Writer campaigning against moves to bring women into mixed-gender work environments.
Abu Dhabi: A Saudi writer has urged his Twitter followers to sexually molest women hired to work as cashiers in big grocery stores, the latest backlash from conservatives who want to roll back limited social and economic reforms launched in Saudi Arabia.
Abdullah Mohammad Al Dawood, who writes self-help books including one called The Joy of Talking, has stirred fierce debate this week via the internet microblogging service with the use of the hashtag harass_female_cashiers, to press for Saudi women to be forced to stay at home to protect their chastity.
His campaign against official moves to encourage women to work in mixed gender environments has led some Twitter users to denounce him. Others however applauded him as a fighter against government efforts to westernise and corrupt the country.
More than half a million Saudi Arabian nationals, including unprecedented if still modest numbers of women, have surged into the country’s private sector since late 2011 under a government-driven programme aimed at turning the Gulf giant’s sclerotic non-oil economy into a regional powerhouse.
Khalid Ebrahim Al Saqabi, a conservative cleric, endorsed Al Dawood’s calls and said a law proposed by the government against sexual harassment in newly mixed workplaces was “only meant to encourage consensual debauchery”.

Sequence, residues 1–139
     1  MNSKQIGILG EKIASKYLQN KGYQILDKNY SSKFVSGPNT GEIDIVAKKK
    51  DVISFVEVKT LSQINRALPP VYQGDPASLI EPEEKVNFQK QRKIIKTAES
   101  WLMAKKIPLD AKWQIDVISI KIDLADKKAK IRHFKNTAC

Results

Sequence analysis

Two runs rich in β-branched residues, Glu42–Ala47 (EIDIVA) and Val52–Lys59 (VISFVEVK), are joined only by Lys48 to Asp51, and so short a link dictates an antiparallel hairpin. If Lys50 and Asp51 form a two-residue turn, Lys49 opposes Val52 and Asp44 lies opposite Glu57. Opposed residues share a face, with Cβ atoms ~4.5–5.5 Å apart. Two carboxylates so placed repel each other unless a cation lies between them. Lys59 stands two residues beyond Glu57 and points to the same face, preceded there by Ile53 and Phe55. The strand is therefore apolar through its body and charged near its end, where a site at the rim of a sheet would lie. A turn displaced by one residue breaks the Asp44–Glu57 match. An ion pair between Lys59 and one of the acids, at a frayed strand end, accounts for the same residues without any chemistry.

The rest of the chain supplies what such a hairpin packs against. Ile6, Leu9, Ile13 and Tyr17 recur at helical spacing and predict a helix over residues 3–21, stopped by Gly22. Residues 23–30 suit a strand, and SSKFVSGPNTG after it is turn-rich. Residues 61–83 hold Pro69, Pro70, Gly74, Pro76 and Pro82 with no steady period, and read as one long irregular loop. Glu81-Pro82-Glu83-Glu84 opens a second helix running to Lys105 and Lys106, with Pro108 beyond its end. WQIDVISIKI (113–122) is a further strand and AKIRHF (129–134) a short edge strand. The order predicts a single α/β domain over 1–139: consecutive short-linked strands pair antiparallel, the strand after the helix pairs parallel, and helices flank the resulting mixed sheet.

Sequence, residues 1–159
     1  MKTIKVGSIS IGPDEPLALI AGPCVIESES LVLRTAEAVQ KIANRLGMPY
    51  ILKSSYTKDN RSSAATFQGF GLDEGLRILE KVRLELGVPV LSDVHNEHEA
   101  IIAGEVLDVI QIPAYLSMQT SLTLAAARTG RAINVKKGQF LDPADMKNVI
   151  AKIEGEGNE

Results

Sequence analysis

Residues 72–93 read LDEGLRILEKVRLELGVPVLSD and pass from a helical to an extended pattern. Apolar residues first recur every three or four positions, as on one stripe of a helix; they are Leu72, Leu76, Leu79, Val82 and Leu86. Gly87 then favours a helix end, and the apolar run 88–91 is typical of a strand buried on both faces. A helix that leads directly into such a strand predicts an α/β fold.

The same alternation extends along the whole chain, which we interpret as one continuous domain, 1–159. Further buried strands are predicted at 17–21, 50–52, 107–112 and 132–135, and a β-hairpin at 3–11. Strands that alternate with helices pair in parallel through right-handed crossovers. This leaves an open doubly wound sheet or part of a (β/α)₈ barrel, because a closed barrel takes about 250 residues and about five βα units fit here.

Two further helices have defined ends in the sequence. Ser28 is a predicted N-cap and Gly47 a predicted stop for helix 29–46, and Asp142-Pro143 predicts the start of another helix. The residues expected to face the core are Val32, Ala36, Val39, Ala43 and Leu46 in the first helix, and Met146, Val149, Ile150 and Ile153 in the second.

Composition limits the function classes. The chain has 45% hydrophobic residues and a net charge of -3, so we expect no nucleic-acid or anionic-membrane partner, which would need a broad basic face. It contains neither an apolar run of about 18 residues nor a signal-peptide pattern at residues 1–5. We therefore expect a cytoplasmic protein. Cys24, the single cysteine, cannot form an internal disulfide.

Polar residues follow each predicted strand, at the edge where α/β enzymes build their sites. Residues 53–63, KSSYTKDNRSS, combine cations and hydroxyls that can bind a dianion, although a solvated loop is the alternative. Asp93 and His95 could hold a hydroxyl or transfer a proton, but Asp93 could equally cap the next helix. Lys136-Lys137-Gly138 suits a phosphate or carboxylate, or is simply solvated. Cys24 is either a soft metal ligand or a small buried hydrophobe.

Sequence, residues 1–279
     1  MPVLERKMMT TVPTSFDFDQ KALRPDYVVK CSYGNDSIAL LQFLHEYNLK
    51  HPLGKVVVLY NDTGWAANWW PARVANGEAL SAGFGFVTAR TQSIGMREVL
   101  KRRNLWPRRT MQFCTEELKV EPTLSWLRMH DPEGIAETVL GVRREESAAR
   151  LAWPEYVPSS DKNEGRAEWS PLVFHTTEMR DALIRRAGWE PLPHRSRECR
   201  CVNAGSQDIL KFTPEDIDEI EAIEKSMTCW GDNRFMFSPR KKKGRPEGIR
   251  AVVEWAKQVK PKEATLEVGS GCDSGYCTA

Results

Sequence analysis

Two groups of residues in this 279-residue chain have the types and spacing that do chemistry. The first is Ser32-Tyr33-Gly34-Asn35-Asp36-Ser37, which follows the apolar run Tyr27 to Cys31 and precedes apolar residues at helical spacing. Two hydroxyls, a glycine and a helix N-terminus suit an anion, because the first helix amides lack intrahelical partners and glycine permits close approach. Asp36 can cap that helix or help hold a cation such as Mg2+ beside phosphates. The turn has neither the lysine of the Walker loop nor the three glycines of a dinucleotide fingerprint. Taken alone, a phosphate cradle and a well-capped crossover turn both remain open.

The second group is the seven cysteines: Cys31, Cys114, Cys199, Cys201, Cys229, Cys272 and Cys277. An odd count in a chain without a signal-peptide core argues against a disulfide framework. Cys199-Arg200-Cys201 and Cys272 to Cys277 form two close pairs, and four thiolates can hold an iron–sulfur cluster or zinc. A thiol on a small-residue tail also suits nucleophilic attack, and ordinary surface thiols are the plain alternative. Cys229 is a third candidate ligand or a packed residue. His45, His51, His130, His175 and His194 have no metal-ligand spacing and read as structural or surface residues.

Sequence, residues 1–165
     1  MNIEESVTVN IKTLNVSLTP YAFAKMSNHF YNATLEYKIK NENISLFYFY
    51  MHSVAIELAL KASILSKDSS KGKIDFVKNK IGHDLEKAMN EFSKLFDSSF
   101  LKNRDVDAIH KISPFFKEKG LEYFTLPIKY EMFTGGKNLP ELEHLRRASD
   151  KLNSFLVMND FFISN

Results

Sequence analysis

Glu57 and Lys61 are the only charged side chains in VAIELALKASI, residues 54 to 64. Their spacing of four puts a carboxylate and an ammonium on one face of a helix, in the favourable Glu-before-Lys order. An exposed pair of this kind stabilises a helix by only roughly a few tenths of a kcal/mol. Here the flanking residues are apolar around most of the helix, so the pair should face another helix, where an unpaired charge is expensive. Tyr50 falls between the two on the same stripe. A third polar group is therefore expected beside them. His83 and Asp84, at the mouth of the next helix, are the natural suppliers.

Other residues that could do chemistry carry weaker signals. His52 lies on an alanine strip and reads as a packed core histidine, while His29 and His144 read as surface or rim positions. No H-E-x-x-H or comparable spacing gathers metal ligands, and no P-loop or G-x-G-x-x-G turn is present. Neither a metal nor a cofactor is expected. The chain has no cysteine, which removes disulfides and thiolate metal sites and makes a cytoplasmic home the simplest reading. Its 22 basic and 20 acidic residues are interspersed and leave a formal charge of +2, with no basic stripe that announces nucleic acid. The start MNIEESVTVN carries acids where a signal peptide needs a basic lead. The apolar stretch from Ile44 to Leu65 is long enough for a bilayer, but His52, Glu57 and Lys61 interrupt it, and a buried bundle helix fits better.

He added: “Why is the labour minister concerned with finding jobs for women instead of men?”
Al Dawood, who has more than 97,000 followers on Twitter, justified his call to harass female workers by using an obscure story from the early days of Islam about a famous warrior, Al Zubair, who did not want his wife to leave home to pray in the mosque. Al Dawood claimed that Al Zubair hid in the dark one night and molested his wife in the street. The wife rushed home and decided against ever going out of her house again, saying that the “there is no safer place than home and the world out there is corrupt”.
Scores of Al Dawood’s followers supported his campaign and condemned the planned anti-harassment law, which comes as employers respond to government financial incentives to hire more Saudi workers, and in particular more women. One user wrote: “It is a man-made law and it can’t be accepted in a kingdom ruled by God’s law. They had better ban mingling of the sexes, not protect it.”
But Al Dawood’s hashtag drew condemnation from others, who said the writer was a disgrace to Islam. One, Waleed Al Khawaji, asked: “What kind of person urges the youth to commit debauchery?”
Another urged Al Dawood to follow his own example and harass his own wife and sisters.